Ethnic Differences in Response to Topical Capsaicin: A Psychophysical Study on Healthy Subjects
This study has been completed.
Information provided by (Responsible Party):
Gil Yosipovitch, Wake Forest University
First received: April 4, 2008
Last updated: December 18, 2012
Last verified: December 2012
The purpose of this research is to study how people respond differently to capsaicin in different racial groups and the effect it has on your pain levels. Capsaicin is a natural product made from hot chili peppers that is useful for treating the itch symptoms of skin disease.
||Intervention Model: Single Group Assignment
Masking: Open Label
Primary Purpose: Basic Science
||Ethnic Differences in Response to Topical Capsaicin: A Psychophysical Study on Healthy Subjects
Primary Outcome Measures:
- To assess ethnic differences in burning pain induced by topical capsaicin [ Time Frame: 1 day ] [ Designated as safety issue: No ]
Secondary Outcome Measures:
- To assess ethnic differences on the effects of topical capsaicin on thermal sensory thermal thresholds [ Time Frame: 1 day ] [ Designated as safety issue: No ]
| Study Start Date:
| Study Completion Date:
| Primary Completion Date:
||August 2008 (Final data collection date for primary outcome measure)
Active Comparator: Capsaicin
Capsaicin 0.1% cream application to the volar side of forearm.
To comprehensively evaluate the ethnic differences in response to topical capsaicin and its effect on thermal sensory thresholds.
|Ages Eligible for Study:
||18 Years to 50 Years
|Genders Eligible for Study:
|Accepts Healthy Volunteers:
- Adult men and women who are between 18 and 50 years of age.
- Subjects must be in general good health with no skin disease, disease state or physical condition which would impair evaluation of pain perception or which would increase their health risk by study participation as determined by the investigators.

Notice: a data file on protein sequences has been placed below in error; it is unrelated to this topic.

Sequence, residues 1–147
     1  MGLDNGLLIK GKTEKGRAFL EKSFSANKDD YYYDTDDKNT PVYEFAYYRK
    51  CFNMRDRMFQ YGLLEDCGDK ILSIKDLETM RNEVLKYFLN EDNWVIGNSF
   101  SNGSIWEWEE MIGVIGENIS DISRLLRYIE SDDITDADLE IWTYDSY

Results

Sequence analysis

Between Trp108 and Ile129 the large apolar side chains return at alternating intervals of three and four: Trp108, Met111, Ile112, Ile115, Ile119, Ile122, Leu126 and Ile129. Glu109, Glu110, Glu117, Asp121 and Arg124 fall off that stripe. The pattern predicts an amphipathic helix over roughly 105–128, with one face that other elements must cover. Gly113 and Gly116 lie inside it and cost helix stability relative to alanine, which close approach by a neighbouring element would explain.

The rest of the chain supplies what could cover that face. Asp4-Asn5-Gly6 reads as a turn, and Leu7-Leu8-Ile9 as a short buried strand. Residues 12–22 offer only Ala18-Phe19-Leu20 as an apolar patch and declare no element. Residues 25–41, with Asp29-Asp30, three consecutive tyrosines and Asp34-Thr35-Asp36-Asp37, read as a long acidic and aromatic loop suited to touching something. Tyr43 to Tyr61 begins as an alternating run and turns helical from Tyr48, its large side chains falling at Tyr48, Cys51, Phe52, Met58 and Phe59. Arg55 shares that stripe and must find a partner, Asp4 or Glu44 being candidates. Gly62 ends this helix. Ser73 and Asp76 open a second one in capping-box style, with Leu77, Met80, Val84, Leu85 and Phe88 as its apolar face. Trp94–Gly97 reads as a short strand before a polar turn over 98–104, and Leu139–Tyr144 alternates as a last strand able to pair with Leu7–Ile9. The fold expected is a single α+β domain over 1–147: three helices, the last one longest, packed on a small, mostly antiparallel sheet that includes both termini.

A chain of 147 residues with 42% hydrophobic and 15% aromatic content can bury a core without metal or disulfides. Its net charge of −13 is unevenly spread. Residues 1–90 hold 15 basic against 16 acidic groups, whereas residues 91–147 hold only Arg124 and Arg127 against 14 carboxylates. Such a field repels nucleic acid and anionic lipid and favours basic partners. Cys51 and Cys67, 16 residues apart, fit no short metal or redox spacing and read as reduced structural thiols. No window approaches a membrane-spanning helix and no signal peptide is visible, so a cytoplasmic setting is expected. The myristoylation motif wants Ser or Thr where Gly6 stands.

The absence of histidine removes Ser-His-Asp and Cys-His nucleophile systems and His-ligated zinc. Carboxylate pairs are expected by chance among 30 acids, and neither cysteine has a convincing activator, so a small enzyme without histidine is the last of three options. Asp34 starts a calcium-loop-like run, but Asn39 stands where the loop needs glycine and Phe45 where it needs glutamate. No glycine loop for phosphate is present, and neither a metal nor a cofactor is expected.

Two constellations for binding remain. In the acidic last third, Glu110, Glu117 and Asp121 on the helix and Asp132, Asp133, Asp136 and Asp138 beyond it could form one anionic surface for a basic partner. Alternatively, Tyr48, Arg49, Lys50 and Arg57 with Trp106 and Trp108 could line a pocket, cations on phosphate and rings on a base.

- Women of childbearing potential will be required to have a negative pregnancy test in order to enroll in the study.
- Adults over age 50.
- Children less than 18 years of age.
- Unable to complete the required measures.
- Diagnosis of diseases that would affect the measurement of pain perception.
- Currently enrolled in any investigational study in which the subject is receiving any type of drug, biologic, or non-drug therapy and subjects undergoing treatment with another investigational drug or approved therapy for investigational use within 30 days prior to study participation.
- Use of oral analgesic or other medications known to interfere with pain perception in the week prior to the study.
- Use of emollient on the forearms on the day of the study visit.
- Use of medicated topical preparations on the forearms for the week prior to the study.
- Known history of neuropathy causing diseases such as uremia.
- Known history of uncontrolled thyroid disease.
- Known history of diabetes mellitus.
- Allergy to capsaicin.
- Pregnant women.
Please refer to this study by its ClinicalTrials.gov identifier: NCT00655811
|Wake Forest University Health Sciences Dermatology
|Winston Salem, North Carolina, United States, 27157 |
Wake Forest School of Medicine
||Gil Yosipovitch, MD
||Wake Forest School of Medicine
No publications provided
||Gil Yosipovitch, Professor, Wake Forest University
History of Changes
|Other Study ID Numbers:
|Study First Received:
||April 4, 2008
||December 18, 2012
||United States: Institutional Review Board
Keywords provided by Wake Forest School of Medicine:
Additional relevant MeSH terms:
ClinicalTrials.gov processed this record on December 05, 2013
Sensory System Agents
Peripheral Nervous System Agents
Physiological Effects of Drugs